On August 27, 2013, an Ohio appellate court ruled that a county judge must reconsider a decision made that would not allow Akron Children’s Hospital to appoint an attorney/registered nurse as a medical guardian over Sarah Hershberger. The child in question is a 10-year-old Amish girl suffering from leukemia. The Hershbergers, like many Amish families, shun most modern conveniences to live more simple, religion-oriented lives.
When Sarah became very sick after treatments, she asked her parents to stop the chemotherapy and they agreed after much prayer. Andy Hershberger, Sarah’s father, stated that the family believes “to a certain extent, [they] can use modern medicine, but at some times [they] have to stop it and do something else.” After hearing of the family’s decision to stop treatment and turn to natural remedies and God’s will, the Akron Children’s Hospital stated that Sarah’s cancer was very treatable and pointed out that they had already seen a reduction in her tumors after some chemotherapy. Doctors at the hospital also stated that Sarah would have an 85% chance of survival with treatment, and predicted that she would die if she did not continue.
The original decision handed down by a county judge in Medina, Ohio stated that Sarah’s parents had the right to make decisions for her because of her status as a minor and because they were not deemed to be unfit parents. The appeals court ruling, in contrast, agreed with the hospital, and said “the judge failed to consider whether appointing a guardian would be in the girl’s best interest” and that parents did not have to be unsuitable for a guardian to be appointed. The case was then sent back to the county court for reconsideration.
Under the First Amendment of the U.S. Constitution, Americans are guaranteed the free exercise of religion, though exceptions to this rule can be made when religious practices conflict with other laws and rulings in place. Certain parental rights have also traditionally been guaranteed by the Due Process Clause of the Fourteenth Amendment. The issue at stake in this case is whether religious freedoms and parental rights over minors can be trumped by the need for medical care.
The case of the Hershberger family is a little different from other cases of this nature and enters into more of a gray area because Sarah’s parents did not refuse outright to get Sarah treatment. The family sought chemotherapy, saw that it was hurting Sarah, and decided to stop, in part because of their religious beliefs. Although the family has turned to natural remedies and God’s will after stopping chemotherapy, they have not ruled out returning to the hospital if Sarah’s condition worsens, complicating this case even more. The appellate court’s decision not to affirm the ruling in favor of the parents, and the injunction they issued that ordered Sarah’s treatments to resume immediately, make room for more cases that limit both the freedom to make decisions based on religion and parental rights over children, especially because of the gray areas present this case.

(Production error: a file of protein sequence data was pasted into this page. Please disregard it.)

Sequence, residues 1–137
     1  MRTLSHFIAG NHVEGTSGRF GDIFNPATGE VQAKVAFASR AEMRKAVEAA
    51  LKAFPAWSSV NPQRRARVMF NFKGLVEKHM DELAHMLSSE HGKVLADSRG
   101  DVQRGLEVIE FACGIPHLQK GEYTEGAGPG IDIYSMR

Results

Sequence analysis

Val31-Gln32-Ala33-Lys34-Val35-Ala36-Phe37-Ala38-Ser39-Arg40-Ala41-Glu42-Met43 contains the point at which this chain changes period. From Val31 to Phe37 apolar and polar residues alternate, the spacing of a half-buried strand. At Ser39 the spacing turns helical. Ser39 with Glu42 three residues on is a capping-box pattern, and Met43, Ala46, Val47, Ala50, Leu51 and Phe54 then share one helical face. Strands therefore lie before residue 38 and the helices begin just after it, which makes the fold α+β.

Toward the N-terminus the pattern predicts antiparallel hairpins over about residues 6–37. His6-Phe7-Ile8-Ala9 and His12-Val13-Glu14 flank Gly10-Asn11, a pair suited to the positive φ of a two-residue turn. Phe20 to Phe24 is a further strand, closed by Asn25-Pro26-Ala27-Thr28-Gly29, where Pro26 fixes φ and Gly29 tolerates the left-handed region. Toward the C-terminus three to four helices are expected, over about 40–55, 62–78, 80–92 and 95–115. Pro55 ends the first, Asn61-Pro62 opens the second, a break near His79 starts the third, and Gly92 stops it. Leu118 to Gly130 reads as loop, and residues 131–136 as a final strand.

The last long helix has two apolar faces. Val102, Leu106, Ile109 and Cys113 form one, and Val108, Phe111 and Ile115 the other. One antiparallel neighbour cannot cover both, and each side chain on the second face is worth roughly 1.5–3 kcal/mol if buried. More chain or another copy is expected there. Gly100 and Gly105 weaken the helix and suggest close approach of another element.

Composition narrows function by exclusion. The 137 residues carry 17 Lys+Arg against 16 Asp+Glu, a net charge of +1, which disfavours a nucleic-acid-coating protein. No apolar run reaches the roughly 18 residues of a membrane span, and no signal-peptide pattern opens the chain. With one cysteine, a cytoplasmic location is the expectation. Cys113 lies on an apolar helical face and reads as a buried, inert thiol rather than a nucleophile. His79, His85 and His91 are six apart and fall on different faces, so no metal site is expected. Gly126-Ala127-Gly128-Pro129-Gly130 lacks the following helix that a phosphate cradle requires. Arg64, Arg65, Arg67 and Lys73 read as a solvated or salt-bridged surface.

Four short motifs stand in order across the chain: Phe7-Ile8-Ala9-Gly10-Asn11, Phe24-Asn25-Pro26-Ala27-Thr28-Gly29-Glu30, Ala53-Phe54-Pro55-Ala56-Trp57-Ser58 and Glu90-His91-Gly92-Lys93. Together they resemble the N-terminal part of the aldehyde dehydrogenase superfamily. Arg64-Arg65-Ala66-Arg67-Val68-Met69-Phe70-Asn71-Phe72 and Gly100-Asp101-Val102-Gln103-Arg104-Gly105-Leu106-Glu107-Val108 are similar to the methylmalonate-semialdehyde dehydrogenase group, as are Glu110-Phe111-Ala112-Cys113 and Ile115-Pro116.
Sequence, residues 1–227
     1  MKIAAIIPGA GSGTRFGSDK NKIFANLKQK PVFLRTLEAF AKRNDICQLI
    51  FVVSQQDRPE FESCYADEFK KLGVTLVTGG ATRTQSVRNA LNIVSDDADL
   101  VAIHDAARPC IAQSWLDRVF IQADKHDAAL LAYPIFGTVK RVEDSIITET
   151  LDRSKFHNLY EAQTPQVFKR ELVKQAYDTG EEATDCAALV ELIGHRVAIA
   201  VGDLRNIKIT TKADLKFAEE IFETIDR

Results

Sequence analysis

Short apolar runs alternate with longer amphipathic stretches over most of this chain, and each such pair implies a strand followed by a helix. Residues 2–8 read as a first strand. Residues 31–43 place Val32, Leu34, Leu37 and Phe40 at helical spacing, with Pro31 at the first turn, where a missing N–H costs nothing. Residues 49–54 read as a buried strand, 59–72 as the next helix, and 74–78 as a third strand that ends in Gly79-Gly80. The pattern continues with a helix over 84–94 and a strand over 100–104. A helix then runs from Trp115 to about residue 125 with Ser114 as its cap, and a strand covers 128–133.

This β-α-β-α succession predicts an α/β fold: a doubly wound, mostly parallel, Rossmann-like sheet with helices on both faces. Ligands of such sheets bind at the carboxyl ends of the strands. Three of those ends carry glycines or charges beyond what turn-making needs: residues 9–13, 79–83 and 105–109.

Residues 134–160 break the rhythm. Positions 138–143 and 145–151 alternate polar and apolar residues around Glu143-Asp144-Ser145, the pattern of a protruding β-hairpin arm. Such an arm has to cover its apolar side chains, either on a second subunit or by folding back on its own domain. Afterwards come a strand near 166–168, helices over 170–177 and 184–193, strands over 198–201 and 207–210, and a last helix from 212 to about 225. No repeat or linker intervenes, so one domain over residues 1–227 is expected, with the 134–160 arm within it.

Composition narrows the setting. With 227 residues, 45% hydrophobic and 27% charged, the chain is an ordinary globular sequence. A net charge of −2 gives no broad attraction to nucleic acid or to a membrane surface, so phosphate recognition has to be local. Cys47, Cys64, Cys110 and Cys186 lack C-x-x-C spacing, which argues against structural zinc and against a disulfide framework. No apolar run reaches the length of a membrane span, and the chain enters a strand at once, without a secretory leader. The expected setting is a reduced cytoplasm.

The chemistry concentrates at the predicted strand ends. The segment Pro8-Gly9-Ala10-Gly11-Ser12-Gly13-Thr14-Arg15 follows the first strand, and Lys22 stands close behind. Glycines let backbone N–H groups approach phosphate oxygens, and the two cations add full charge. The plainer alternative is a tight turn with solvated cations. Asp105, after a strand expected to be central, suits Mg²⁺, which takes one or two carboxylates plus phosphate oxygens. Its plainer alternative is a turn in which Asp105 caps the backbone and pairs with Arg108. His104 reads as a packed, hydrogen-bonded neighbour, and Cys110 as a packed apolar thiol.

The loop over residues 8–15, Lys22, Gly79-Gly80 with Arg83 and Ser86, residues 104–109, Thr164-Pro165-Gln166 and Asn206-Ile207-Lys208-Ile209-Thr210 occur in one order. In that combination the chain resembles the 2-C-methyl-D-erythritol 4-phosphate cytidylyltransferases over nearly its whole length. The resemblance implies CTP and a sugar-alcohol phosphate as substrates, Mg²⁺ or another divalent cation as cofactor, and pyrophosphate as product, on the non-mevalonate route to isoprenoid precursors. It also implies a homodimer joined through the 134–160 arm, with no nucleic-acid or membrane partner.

I think it often feels easy to suspend people’s religious rights when a child’s life is at stake and easy to say that parents are entitled to their religious beliefs until their children are put in danger. For people outside the faith, I also think it can be difficult to understand such ingrained beliefs and someone’s willingness to endanger a child’s life, especially since most Americans will never have to choose between deep religious views and life-saving medical treatment.
Recognizing such tendencies to restrict religious freedoms, I do still agree with the Ohio appellate court that the county court should reconsider its decision not to appoint an attorney/registered nurse to be a limited guardian for Sarah Hershberger. In the U.S. Supreme Court’s 1944 ruling in Prince v. Massachusetts, Justice Rutledge, writing for the majority, stated that parents “may be free to become martyrs themselves. But it does not follow they are free, in identical circumstances, to make martyrs of their children before they have reached the age of full and legal discretion when they can make that choice for themselves.” This precedent has held in subsequent cases.
Refusing medical treatment for yourself is one thing, but using your religious beliefs to make an important life decision for another person who has not had the time or experience to develop and determine their own religious beliefs is not right. The Supreme Court did rule in favor of Amish parents in Wisconsin v. Yoder when they decided that Amish children could not be required to stay in school past eighth grade because it conflicted with their religious beliefs and simple way of life. Although I believe parental rights should be viewed strongly, I do not think parents have an absolute right to refuse medical treatment for their children based on religious grounds. I also agree with the majority decision in Prince that the right to exercise religion freely does not include “the liberty to expose the community or the child to communicable disease or the latter to ill health or death.” I think Sarah Hershberger and her family should consult the medical guardian and at least finish out the recommended two rounds of chemotherapy. In this case, the preservation of the child’s life is paramount.
What do you think? Is this a special case? Do you agree with the county court or the appellate court?